[Note 1] Chapter 209C was approved on July 22, 1986, as the successor to repealed c. 273. St. 1986, c. 310, Section 16.
[Note 2] As to whether the appeal was properly entered in the Appeals Court instead of the Appellate Division of the District Court, our opinion in Department of Revenue v. Jarvenpaa, 404 Mass. 177 (1989), is conclusive. In Jarvenpaa, we determined that all c. 209C appeals are properly to be brought to the Appeals Court. Since the appeal was properly before the Appeals Court, we have jurisdiction after transferring it here on our own motion. Id. at 181.
Secondly, we affirm the lower court judge's holding that the Department of Public Welfare is a necessary party to all paternity actions under c. 209C in which the child receives public assistance, and that the Commonwealth is therefore a party to the action and entitled to an extra thirty days in which to file a notice of appeal. Mass. R. A. P. 4 (a), as amended, 395 Mass. 1110 (1985). Since the appeal was properly and timely brought, we proceed to the merits.
[Note 3] Although the findings of fact issued by the trial judge indicate that the defendant was "acquitted" and the case dismissed with prejudice, the docket indicates only a dismissal with prejudice. We shall proceed on the theory that the case was simply dismissed with prejudices as it is not clear from the record on what basis the judge determined the defendant had been acquitted.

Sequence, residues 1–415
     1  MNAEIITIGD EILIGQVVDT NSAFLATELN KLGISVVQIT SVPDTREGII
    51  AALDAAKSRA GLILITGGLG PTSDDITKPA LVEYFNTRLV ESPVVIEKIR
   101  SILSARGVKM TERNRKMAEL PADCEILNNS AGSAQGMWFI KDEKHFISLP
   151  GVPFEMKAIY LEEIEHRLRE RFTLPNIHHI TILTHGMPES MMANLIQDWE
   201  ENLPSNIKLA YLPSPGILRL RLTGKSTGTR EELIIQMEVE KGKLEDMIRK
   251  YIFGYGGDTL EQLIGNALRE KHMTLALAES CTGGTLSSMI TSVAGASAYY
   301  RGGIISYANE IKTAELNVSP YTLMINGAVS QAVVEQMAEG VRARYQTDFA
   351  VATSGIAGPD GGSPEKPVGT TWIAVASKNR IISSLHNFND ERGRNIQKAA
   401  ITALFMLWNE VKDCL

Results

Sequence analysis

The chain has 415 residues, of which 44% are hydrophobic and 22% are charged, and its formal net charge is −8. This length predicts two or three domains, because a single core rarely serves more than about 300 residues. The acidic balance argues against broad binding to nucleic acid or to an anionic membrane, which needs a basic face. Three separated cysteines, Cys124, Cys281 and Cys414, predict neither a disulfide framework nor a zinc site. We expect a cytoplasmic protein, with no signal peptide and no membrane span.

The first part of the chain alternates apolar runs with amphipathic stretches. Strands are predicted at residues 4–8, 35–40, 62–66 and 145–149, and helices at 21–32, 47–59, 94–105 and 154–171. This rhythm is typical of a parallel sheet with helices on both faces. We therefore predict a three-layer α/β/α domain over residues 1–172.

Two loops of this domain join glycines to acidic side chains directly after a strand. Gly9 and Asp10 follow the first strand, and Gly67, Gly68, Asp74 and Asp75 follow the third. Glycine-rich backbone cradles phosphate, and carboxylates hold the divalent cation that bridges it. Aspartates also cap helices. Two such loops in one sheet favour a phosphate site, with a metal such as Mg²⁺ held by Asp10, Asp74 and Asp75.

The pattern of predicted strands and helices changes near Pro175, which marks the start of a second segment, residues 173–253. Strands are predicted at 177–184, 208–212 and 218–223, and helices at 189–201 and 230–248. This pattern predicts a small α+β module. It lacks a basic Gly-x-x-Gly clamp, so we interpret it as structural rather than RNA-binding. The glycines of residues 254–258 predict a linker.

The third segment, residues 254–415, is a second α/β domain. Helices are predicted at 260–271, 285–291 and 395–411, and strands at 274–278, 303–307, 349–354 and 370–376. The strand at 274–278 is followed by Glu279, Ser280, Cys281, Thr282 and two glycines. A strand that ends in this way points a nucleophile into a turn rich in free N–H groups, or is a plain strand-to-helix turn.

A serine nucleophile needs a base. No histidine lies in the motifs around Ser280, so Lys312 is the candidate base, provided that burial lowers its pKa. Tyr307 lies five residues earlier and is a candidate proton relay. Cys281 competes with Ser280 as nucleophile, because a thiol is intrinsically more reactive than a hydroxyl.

[Note 4] As we have noted previously, Section 22 (d) "makes irrelevant all questions concerning the application to this kind of case of common law principles of claim and issue preclusion based on findings and rulings in earlier litigation." Department of Revenue v. Jarvenpaa, 404 Mass. 177 , 182 (1989).
[Note 5] Article 30 provides that: "In the government of this Commonwealth, the legislative department shall never exercise the executive and judicial powers, or either of them: the executive shall never exercise the legislative and judicial powers, or either of them: the judicial shall never exercise the legislative and executive powers, or either of them: to the end it may be a government of laws and not of men."
[Note 6] We note, however, that the minor child is not foreclosed by any prior proceeding from presenting a case for support or to adjudicate other rights against the defendant. The child is not bound by the earlier dismissal of the c. 273 proceeding. As we stated in Jarvenpaa, supra at 184 n.8, the Commonwealth's sole concern in the prior proceeding was that of support obligations. The child has more at stake and shall not be precluded from litigating his rights based on the action of the Commonwealth.